American Sign Language (ASL) is the most widely-used sign language in the U.S. One portion of the language includes finger-spelling, with different hand positions for each letter of the alphabet. If you don’t know the sign for a given word, you can always spell it out. One problem with ASL is that like any other language, it’s difficult to communicate with someone else if only one of you knows ASL. That’s why interpreters are used to translate between spoken English and ASL in courtrooms and other settings.

If you’re not one of the estimated half million people who know ASL, you may soon be able to use an intelligent glove to translate for you. Researchers at University of California San Diego have created a wireless glove that senses finger positions and then transmits these as letters. The team came up with a clever approach; they used sensors that determine whether or not each finger joint is bent or not.  The electrical resistance of stretchable plastic strips with a carbon coating changes when they are bent. This allows the system to assign a binary value — 1 or 0 — to each knuckle. This creates a value that describes the position of all the fingers. Some letters generate the same value, such as “I” and “J”; pressure and motion sensors are used to distinguish between these letters. Once detected, the data is sent via Bluetooth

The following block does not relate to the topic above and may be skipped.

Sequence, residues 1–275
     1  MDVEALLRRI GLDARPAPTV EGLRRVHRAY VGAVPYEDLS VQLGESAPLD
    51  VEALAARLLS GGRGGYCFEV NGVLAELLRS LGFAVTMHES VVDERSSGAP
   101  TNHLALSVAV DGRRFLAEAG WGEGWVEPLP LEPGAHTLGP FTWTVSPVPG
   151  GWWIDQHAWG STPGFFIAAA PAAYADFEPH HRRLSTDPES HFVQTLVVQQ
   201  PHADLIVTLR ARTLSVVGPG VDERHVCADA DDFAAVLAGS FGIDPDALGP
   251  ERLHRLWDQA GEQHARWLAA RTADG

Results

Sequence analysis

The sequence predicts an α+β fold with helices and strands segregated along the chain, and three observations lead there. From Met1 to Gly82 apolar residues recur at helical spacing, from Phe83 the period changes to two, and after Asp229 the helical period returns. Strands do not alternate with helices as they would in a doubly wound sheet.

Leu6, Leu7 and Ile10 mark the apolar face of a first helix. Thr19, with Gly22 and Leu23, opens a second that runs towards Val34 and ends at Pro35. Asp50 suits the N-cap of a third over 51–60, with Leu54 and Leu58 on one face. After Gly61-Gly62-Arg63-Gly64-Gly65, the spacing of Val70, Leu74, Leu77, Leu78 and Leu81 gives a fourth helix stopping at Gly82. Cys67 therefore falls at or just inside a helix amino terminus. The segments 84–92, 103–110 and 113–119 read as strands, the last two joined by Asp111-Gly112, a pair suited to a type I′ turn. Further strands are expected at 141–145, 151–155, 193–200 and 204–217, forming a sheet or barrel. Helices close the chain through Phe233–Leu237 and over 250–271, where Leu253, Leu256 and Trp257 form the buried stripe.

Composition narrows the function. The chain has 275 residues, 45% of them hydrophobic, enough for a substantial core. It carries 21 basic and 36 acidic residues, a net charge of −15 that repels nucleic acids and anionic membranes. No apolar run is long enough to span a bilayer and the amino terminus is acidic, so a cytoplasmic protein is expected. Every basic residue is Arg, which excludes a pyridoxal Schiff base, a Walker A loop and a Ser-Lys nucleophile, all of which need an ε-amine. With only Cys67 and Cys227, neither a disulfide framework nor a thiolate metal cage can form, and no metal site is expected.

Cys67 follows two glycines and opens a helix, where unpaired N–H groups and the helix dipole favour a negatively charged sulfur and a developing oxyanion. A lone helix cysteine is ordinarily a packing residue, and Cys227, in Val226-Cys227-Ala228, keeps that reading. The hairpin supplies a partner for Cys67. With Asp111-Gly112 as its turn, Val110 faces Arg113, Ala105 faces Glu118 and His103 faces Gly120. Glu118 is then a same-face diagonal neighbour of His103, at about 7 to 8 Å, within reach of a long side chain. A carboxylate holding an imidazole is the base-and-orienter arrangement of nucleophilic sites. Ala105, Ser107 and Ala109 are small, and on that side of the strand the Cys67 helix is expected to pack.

Perhaps the most impressive fact of this project is that it was built using off-the-shelf components and materials. Starting with a typical athletic glove, the entire device cost less than $100 to build. The low-cost system could be used as a platform for other applications, such as a user interface to control machines and other devices. With miniaturization of the controller and energy-harvesting, this could evolve into a wearable device with many uses beyond sign language translation.